According to Steven Schwinn, a law professor at the University of Illinois at Chicago, the decision took the longstanding recognition that presidents can be implicated in federal cases and extended it to the state level.
"It rejected the president's sweeping claim of absolute immunity from state criminal processes - a claim that was, frankly, way outside the bounds of anything the Court has recognized," he said.
The ruling drew comparisons to the court's 1997 decision which allowed a sexual harassment case to proceed against President Clinton while in office. In that case, the court declared that presidents are not immune from civil lawsuits for conduct that occurred before entering the White House.
"A solid majority of the Court - Gorsuch and Kavanaugh included - pushed back at President Trump's efforts to elevate the presidency outside the ordinary demands of the law," said Gillian Metzger, a professor at Columbia Law School. "It's what the Court did in Clinton v. Jones as well."
Gorsuch and Kavanaugh defy Trump
The decision by Gorsuch and Kavanaugh to reject the president's claims of immunity and authorize investigations into his personal finances marked a stunning turn of events.
Their votes allowed the court to avoid issuing the landmark rulings along ideological lines. They were also likely to deepen the president's sense of defeat, given the justices' hard-won confirmation battles raised expectations that a solid right-wing majority would control the court for the foreseeable future.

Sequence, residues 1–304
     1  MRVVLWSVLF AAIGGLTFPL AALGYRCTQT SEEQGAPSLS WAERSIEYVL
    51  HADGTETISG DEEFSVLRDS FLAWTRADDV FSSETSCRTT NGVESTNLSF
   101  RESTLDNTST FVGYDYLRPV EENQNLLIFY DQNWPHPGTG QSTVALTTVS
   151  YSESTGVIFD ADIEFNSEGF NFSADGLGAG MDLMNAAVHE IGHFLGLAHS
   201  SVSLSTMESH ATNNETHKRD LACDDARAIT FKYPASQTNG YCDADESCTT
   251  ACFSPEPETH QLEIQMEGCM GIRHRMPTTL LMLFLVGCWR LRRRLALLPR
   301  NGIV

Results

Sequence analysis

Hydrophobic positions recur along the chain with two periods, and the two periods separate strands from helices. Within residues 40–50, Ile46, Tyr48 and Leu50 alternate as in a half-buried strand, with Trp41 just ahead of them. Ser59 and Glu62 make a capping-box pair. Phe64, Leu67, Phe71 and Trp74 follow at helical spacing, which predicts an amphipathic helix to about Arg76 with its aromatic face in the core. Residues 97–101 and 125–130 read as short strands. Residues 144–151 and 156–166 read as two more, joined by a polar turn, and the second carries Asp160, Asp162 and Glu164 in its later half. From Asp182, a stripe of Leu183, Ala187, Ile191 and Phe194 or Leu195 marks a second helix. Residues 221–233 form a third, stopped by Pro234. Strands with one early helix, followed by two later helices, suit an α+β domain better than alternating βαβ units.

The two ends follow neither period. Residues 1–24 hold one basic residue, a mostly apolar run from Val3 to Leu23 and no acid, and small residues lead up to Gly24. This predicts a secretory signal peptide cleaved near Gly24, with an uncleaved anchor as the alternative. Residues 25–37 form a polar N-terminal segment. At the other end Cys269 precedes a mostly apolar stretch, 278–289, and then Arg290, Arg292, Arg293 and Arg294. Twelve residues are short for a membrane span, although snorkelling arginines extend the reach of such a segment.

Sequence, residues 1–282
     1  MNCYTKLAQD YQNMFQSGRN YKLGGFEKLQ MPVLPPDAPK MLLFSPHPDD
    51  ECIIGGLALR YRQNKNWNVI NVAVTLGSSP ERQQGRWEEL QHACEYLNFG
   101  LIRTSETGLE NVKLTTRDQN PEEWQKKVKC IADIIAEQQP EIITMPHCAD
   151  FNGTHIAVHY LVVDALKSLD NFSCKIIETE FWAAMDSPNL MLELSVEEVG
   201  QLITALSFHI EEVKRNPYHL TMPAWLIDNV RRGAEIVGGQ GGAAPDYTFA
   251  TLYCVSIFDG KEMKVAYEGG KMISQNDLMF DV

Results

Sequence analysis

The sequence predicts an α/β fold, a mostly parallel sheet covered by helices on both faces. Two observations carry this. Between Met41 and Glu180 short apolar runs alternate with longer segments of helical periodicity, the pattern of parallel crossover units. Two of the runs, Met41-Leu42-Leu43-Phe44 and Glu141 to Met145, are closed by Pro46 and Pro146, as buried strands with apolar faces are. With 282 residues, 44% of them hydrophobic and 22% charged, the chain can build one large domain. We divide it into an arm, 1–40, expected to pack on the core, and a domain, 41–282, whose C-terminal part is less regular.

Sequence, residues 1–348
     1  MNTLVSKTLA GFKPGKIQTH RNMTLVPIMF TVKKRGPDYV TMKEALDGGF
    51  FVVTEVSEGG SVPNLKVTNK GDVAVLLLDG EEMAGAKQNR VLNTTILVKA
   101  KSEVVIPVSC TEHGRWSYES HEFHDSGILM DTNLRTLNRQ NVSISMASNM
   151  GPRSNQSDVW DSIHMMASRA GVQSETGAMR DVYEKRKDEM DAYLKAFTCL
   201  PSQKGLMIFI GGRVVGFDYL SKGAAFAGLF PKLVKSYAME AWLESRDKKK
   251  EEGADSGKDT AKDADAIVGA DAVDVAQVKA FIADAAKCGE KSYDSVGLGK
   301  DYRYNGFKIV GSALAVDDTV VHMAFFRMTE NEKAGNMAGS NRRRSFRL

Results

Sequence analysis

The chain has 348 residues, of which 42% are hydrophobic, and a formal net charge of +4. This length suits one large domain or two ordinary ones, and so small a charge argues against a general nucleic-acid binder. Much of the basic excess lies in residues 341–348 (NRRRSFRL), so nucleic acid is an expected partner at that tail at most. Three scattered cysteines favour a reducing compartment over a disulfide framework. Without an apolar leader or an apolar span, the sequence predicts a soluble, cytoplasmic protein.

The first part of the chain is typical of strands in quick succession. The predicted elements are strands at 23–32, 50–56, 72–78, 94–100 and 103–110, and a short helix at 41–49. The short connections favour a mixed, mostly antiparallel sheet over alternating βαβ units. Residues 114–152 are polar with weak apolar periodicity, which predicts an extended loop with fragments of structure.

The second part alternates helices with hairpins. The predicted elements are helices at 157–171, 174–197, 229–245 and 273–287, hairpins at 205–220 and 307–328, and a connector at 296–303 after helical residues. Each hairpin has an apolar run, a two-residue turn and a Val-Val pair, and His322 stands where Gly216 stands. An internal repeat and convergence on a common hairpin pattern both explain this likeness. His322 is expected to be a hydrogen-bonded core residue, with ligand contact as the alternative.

And it comes as Gorsuch is still facing heavy criticism from the right over his opinion for a 6-3 majority that ruled civil rights laws protect LGBT employees from workplace discrimination.
Trump has since reaffirmed his commitment to nominating staunch conservatives to the court as part of his reelection campaign, and has vowed to release a new shortlist of potential nominees in the fall.
"I will be releasing a new list of Conservative Supreme Court Justice nominees, which may include some, or many of those already on the list, by September 1, 2020," the president said on Twitter last month. "If given the opportunity, I will only choose from this list, as in the past, a Conservative Supreme Court Justice."
"Based on decisions being rendered now, this list is more important than ever before (Second Amendment, Right to Life, Religious Liberty, etc.) - VOTE 2020!" Trump added.
Trump's feud with the Manhattan district attorney may be far from over
Thursday's rulings resolved some, but not all, of the legal questions surrounding the subpoenas, with the justices punting the remaining issues back down to the lower courts.
Robert Tsai, a law professor and constitutional scholar at American University, said the court's decision to sidestep certain issues may ultimately spawn additional, perhaps protracted court battles.